Any of a class of natural or synthetic organic compounds with a molecular core, or nucleus, of 17 carbon atoms in a characteristic three-dimensional arrangement of four rings. The configuration of the nucleus, the nature of the groups attached to it, and their positions distinguish different steroids. Hundreds have been found in plants and animals and thousands more synthesized or made by modifying natural steroids. Steroids are important in biology, chemistry, and medicine. Examples include many hormones (including the sex hormones), bile acids, sterols (including cholesterol), and oral contraceptives (see contraception). Digitalis was the first steroid widely used in Western medicine. Corticosteroids (see cortisone) and their synthetic analogs are used to treat rheumatism and other inflammatory ailments. Seealso anabolic steroid.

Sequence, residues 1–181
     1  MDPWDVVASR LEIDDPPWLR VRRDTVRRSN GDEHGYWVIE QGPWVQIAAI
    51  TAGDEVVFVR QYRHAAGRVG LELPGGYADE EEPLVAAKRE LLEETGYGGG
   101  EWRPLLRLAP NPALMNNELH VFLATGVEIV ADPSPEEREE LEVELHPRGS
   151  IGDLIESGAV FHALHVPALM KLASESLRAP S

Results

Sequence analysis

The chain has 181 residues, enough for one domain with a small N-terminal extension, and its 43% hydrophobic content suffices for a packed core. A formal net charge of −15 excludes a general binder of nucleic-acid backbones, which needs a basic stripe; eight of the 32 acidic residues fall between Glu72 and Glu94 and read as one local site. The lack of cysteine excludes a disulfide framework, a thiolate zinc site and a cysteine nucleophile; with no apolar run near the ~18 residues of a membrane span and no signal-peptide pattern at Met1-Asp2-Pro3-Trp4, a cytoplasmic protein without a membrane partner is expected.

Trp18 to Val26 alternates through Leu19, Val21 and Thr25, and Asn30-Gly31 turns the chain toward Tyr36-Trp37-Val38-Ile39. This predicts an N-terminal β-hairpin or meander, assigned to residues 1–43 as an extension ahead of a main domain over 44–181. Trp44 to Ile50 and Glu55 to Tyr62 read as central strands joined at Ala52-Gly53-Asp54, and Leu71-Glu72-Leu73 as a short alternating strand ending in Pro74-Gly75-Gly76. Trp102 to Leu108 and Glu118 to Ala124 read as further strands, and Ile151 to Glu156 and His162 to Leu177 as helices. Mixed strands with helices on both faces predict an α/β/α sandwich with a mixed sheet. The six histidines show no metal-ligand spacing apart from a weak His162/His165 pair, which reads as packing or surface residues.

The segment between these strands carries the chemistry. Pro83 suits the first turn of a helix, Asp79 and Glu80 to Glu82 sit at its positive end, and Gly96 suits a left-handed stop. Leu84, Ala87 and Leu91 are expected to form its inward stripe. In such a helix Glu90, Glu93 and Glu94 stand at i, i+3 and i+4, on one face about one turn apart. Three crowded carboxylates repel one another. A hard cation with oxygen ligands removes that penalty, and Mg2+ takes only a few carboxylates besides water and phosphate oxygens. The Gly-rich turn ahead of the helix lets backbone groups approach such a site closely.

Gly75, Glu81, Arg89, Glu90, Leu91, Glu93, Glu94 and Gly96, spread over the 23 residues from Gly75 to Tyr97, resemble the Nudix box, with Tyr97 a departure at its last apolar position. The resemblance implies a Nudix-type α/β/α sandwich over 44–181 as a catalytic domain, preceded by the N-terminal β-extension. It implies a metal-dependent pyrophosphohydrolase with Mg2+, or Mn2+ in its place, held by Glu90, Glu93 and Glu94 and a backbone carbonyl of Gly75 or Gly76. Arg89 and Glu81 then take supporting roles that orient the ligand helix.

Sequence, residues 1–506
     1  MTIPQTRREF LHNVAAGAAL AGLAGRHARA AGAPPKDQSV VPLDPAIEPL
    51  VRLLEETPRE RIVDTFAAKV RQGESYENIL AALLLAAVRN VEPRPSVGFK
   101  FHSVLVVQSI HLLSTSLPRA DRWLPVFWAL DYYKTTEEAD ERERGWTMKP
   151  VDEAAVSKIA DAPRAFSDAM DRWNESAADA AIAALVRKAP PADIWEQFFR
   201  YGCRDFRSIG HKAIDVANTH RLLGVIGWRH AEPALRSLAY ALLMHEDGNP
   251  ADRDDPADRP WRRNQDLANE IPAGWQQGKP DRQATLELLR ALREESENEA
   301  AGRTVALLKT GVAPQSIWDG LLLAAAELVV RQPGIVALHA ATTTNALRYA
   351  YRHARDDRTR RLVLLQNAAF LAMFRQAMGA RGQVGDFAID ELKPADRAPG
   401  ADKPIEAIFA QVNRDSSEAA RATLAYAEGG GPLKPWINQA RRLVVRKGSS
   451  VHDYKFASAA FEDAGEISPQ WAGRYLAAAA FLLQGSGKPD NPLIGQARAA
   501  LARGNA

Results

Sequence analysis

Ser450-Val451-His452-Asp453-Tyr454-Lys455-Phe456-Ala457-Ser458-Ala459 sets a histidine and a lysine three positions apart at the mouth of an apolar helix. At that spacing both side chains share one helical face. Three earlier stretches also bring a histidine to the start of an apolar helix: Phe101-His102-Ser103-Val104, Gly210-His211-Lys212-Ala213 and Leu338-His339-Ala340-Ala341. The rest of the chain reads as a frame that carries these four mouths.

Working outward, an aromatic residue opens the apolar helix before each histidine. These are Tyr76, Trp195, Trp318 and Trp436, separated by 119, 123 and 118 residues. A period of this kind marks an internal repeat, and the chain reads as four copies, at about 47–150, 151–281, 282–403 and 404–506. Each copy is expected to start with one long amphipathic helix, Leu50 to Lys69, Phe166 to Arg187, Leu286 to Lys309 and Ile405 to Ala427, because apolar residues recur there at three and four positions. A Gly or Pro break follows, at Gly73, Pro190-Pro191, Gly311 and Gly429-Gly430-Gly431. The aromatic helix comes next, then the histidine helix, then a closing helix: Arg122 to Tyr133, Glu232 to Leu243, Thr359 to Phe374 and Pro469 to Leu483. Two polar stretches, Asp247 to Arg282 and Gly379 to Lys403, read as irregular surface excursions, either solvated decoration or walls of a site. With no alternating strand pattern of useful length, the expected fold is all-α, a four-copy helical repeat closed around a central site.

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Steroids vary by the functional groups attached to these rings and the oxidation state of the rings. Hundreds of distinct steroids are found in plants, animals, and fungi. All steroids are made in cells either from the sterol lanosterol (animals and fungi) or the sterol cycloartenol (plants). Both sterols are derived from the cyclization of the triterpene squalene.
Steroids include estrogen (US spelling) or oestrogen (UK/AUS spelling), progesterone and testosterone. Estrogen and progesterone are made primarily in the ovary and in the placenta during pregnancy and testosterone in the testes. Testosterone is also converted into estrogen to regulate the supply of each, in the bodies of both females and males. Certain neurons and glia in the central nervous system (CNS) express the enzymes that are required for the local synthesis of pregnane neurosteroids, either de novo or from peripherally derived sources. The rate limiting step of steroid synthesis is the conversion of cholesterol to pregnenolone which occurs inside the mitochondrion.
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